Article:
On Monday, March 21, 2022, National Biotechnology Development Agency (NABDA) began the first phase of the Bioethics Educational Programme meant to educate the general public on the significance of Bioethics and give participants the basic essential knowledge and understanding of the core principles of Bioethics.
The Bioethics Educational Programme, organised by the Bioethics Unit of NABDA, was declared open by the Director General (DG) of the research agency, Prof. Abdullahi Mustapha.
The Director General, a Distinguished Professor of Chemistry, was reported to have said in his welcome speech that “the Bioethics educational programme will provide a foundation for humanity response to the ever increasing dilemmas and controversies that science and technology present for mankind and environment.”
He revealed that the Honourable Minister of Science, Technology and Innovation, Dr. Ogbonnaya Onu, has signed the National Bioethics Federal Executive Council (FEC) Memo for onward transmission of the National Bioethics documents to FEC for the approval of President Muhammadu Buhari.
The NABDA helmsman reportedly said Nigeria is a signatory to the 2005 UNESCO Declaration on Bioethics and Human rights.
He was quoted to have said: “As a signatory to the declaration, Nigeria is expected to develop the National Bioethics Framework and Policy Documents that will lead to the establishment of a functional national bioethics committee.
“Article 23 of the Declaration affirms that member states should endeavor to foster bioethics education and training at all levels as well as encourage information and knowledge dissemination programme about bioethics.”
The NABDA boss further disclosed that the process for the establishment of National Bioethics Committee started in 2009 with UNESCO organizing the first national bioethics stakeholders’ conference. According to him, the second meeting was also conducted by UNESCO in 2017 while NABDA in conjunction with the National Commission for UNESCO convened the third one in 2019.
The three meetings, he remarked, were all geared towards drafting the National Bioethics Framework and Policy Documents which were fundamental documents necessary for the creation of the National Bioethics Committee.
“The National Bioethics Documents are to serve as guide for the establishment and proper functioning of the National Bioethics Committee,” the DG said, adding that there were several gains to be made from the constitution of the committee, while also emphasizing the need for Nigeria, as the giant of Africa, to be the leading edge on issues relating to bioethics for other countries of the continent to look up to.
Speaking at the programme, a Deputy Director at NABDA and Head of Bioethics unit, Dr Chitu Princewill, stated that three major components were required for the formation of National Bioethics Committee in Nigeria. In the words of Dr Princewill, “First is the development of a national bioethics framework and policy documents, second is the bioethics educational programme and the third is inauguration of the members.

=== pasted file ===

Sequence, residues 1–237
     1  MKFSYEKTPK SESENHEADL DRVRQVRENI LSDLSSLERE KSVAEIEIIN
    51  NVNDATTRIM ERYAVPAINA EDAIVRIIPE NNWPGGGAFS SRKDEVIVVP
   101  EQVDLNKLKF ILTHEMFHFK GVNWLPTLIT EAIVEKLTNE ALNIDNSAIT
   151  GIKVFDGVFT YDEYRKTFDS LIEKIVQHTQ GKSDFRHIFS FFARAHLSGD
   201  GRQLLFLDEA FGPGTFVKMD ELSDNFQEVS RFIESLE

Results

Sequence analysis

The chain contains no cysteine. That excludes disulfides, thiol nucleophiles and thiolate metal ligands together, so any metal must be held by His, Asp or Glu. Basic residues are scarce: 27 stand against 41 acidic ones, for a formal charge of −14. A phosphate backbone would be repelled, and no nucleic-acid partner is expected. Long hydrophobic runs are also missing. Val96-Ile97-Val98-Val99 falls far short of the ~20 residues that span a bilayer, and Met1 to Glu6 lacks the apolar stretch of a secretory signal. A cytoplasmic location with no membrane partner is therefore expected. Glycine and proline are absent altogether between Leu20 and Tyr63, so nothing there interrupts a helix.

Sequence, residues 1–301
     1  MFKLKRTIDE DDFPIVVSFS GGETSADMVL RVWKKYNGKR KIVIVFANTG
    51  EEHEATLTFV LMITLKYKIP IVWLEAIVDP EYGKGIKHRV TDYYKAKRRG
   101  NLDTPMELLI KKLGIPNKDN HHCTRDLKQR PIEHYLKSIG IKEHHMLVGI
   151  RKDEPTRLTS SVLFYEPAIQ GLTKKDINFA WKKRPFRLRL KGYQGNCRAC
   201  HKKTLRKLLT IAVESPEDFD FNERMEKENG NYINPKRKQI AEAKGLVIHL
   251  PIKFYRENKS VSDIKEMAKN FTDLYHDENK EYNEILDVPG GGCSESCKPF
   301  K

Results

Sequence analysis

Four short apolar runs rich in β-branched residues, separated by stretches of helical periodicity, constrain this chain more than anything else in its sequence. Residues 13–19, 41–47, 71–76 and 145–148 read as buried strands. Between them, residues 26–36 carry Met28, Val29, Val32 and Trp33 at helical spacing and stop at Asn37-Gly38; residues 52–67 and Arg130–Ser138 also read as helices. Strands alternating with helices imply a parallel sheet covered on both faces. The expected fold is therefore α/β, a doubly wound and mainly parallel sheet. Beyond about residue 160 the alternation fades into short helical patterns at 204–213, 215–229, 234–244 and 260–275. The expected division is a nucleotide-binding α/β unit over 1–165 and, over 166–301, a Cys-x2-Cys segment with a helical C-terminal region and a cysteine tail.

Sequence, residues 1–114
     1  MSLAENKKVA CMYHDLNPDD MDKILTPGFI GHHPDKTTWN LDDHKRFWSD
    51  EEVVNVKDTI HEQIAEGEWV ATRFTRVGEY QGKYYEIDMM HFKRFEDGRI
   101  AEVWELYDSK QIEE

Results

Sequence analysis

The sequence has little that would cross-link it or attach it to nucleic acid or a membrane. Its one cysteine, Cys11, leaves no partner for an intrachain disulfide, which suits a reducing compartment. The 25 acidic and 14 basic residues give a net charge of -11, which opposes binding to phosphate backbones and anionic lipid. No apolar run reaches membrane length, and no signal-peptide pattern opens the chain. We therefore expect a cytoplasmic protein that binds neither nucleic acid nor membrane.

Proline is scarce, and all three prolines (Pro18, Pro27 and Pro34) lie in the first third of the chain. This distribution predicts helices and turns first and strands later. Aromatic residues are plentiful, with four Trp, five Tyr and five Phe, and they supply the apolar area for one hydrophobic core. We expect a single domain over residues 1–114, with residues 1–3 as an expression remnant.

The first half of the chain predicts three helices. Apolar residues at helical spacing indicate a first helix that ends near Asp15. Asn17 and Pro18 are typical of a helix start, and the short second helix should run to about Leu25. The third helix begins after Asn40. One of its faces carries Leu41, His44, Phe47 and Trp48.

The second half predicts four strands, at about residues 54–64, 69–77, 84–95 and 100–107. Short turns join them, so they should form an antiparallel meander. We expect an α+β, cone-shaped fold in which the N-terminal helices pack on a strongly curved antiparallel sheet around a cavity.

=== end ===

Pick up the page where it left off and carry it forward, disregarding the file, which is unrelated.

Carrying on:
“The inauguration will come after the approval of the National Bioethics programme and Policy Documents by the Federal Executive Council headed by the President.”
Resource persons at the Bioethics educational programme include Prof. Peter Omonzejele from University of Benin, Edo State, said to be the first Bioethicist in Nigeria, Prof. Adefolarin Malomo, Neurosurgeon at the University College Hospital, University of Ibadan, Oyo State, Prof. Omokhoa Adeleye, Public health and Community Medicine, University of Benin, Prof. Ayodele Jegede, Medical Sociology/Anthropology and Bioethics and Dr. Princewill, Deputy Director and Head of the Bioethics, NABDA.
Participants were drawn from Head of Service, Ministries of Science, Technology and Innovation, Health, NATCOM-UNESCO, Sheda Science and Technology Complex (SHESTCO) and NABDA. The programme was described by partakers as “very timely, informative, educative and impactful”.
Lectures at the two-day programme centred on Introduction to Bioethics, Evolution of Human Research, Theories of Bioethics, Principles of Bioethics, Research Misconduct and Integrity, Applications of Ethical Principles in Daily Practices, Importance of National Bioethics Committee and Ethics and the Society.
As further explained on the website of NABDA, “The Universal Declaration on Bioethics and Human Rights adopted by UNESCO advocates the establishment of independent, multidisciplinary and pluralist ethics committees at national, regional or institutional levels. UNESCO’s role as the international clearing house for ethical issues initiated a project to support the establishment and operation of bioethics committees, the ABC Project (Assisting Bioethics Committees). It is in line with this project that National Biotechnology Development Agency (NABDA) was made the UNESCO Focal Point on Bioethics in Nigeria.
“As the Focal Point for UNESCO Bioethics in Nigeria, NABDA represents the country in the International Bioethics Committee (IBC) and the Inter-Governmental Bioethics Committee (IGBC).
“The functions of the (Bioethics) unit is to provide advice on ethical problems relating to research, development and application of scientific knowledge, to formulate recommendations concerning guidelines and legislation, develop tools for standard setting, strengthen co-ordination and contacts among experts and institutions and foster debate, education and public awareness, and engagement in bioethics.”
As has been defined in different publications, “Bioethics is the study of the ethical issues emerging from advances in biology, medicine and technologies.” It is said to be basically concerned with “the ethical questions that arise in the relationships among life sciences, biotechnology, medicine, politics, law, theology and philosophy.”